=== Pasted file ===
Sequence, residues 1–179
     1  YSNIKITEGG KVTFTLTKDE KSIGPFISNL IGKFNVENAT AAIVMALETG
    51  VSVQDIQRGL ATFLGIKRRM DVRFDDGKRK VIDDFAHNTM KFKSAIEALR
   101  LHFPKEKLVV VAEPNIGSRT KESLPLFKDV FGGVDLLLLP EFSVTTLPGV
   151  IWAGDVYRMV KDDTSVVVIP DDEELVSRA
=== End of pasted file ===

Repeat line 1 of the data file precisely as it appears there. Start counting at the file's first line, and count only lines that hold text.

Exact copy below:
Sequence, residues 1–179